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Relating to the Experience of "The Hidden Gifts of Helping"

A book by a local author really hit home.

A few months ago I sat down with a copy of The Hidden Gifts of Helping by Dr. Stephen Post, a Stony Brook University professor and Setauket resident. I had only a superficial knowledge of the book: I knew it would make reference to a variety of things in Three Village, and I anticipated writing an .

I had no idea that I'd be reading an account of almost exactly what I myself had been going through during the last 11 months.

In the book, Post describes his journey from his suburban Ohio home of 20 years to Setauket, where he and his family have lived since 2008. "The facts are clear," he writes. "Such moves rank just under the loss of a spouse as among the chief causes of stress in America, and we are a nation where displacement is the norm for a great many people. We do not give community and stability of place their due."

I totally agree.

I spent most of the last 29 years living in Levittown, widely regarded as the first post-World War II suburb: recognition which, in my experience, is a source of pride for many who live there. The neighborhoods, friends and favorite places I'd grown up with were as much a part of me as are my own eyes, hands and heart. That kind of hometown relationship is not unique to me, of course, but it was only when I left that I realized how deeply rooted I was there.

Fast forward to my second day with Three Village Patch: a work meeting at The Dish. Before that, I'd only ever been here a few times – all for stuff at the university – and I had exactly one friend within a half-hour drive in any direction. Apartments are scarce, so I settled into a rather dull house share with some graduate students in Port Jefferson Station. I sampled Three Village's many fine eateries sitting at a table for one; I made valiant efforts to find a new favorite hangout. I was legitimately lonely in a place which from the outside looked so warm and friendly.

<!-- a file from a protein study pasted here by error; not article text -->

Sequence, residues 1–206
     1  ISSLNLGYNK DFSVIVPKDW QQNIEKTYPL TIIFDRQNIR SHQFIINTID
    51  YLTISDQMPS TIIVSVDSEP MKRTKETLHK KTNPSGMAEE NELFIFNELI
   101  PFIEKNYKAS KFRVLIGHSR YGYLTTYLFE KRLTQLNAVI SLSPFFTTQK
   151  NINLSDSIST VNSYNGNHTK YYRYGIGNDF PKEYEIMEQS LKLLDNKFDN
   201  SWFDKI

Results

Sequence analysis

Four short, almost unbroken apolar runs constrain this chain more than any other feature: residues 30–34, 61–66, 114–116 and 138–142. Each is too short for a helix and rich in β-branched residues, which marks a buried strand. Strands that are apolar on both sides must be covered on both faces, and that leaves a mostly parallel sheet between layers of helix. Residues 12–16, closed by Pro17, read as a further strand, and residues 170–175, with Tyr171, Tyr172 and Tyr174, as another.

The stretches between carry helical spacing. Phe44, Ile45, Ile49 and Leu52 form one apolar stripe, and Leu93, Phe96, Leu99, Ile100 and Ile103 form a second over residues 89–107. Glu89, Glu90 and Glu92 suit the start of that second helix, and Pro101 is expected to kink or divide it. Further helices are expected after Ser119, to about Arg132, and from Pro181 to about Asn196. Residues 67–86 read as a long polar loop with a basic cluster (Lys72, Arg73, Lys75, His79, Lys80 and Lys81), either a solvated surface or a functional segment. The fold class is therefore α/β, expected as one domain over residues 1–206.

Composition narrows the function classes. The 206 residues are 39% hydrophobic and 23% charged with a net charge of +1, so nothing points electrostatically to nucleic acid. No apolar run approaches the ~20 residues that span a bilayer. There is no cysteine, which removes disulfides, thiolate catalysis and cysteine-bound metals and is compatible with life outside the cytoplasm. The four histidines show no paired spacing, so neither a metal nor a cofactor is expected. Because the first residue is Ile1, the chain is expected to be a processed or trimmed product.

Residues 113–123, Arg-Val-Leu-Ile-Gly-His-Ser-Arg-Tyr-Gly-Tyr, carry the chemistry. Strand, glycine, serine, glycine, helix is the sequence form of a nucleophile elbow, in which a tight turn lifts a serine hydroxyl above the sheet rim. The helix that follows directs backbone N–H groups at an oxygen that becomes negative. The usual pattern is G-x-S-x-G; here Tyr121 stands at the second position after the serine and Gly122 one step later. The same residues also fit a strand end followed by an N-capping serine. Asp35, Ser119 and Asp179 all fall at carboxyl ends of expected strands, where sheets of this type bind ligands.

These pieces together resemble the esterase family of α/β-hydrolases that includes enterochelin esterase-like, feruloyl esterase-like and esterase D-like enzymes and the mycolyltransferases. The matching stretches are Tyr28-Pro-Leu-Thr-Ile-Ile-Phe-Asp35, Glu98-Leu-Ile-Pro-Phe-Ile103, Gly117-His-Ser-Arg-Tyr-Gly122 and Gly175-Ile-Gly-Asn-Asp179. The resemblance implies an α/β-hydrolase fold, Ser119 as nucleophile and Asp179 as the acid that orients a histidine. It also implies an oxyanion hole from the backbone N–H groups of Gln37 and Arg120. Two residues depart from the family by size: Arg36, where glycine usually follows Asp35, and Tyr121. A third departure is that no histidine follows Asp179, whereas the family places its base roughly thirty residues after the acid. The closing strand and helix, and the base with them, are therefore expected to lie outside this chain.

And then I found Three Village Meals on Wheels. Initially a work-related project, it was an experience I enjoyed so much that I enthusiastically became a volunteer. I did not know that contributing in this way could help me regain the sense of place I had lost.

At Meals on Wheels, I met lots of nice volunteers: longtime residents with their own deep connections to Three Village, who shared their stories of family and community with me as we delivered food to people in need. Through those experiences, I felt more and more connected to the town I’d be covering as a community journalist. But beyond that, and perhaps more importantly, the experience of helping lifted my spirits as well.

“You can become hopeful by being a giver right where you are, at any time,” Post writes. “You don’t have to be a Mother Teresa to be a giving person.”

Mother Teresa I am not, but this giver is hopeful once again.


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